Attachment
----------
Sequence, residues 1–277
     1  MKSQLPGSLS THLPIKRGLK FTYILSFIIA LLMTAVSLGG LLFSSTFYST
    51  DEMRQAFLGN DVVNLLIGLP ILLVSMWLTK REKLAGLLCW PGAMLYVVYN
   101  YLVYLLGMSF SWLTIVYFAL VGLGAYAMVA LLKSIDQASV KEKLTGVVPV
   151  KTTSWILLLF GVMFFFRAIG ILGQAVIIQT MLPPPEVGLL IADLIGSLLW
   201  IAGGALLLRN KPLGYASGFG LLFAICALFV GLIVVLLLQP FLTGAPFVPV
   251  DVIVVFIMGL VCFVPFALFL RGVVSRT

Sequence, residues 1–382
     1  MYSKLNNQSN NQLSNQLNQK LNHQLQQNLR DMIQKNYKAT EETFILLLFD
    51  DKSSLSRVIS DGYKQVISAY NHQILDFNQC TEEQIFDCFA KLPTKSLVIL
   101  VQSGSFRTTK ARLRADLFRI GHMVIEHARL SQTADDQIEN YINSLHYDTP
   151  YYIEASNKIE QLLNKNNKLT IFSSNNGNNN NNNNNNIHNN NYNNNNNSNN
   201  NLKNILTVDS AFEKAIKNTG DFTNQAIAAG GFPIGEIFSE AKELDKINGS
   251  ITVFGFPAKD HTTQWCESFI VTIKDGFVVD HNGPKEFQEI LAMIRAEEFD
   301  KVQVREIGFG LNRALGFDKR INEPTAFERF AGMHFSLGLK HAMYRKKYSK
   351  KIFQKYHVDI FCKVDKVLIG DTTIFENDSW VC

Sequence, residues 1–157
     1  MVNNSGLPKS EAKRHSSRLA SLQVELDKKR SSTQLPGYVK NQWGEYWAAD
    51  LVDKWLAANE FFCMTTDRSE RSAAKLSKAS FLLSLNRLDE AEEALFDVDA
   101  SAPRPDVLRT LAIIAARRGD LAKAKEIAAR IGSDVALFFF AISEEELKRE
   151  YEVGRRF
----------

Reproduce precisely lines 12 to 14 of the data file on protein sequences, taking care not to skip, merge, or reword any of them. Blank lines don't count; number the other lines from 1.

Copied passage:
   151  YYIEASNKIE QLLNKNNKLT IFSSNNGNNN NNNNNNIHNN NYNNNNNSNN
   201  NLKNILTVDS AFEKAIKNTG DFTNQAIAAG GFPIGEIFSE AKELDKINGS
   251  ITVFGFPAKD HTTQWCESFI VTIKDGFVVD HNGPKEFQEI LAMIRAEEFD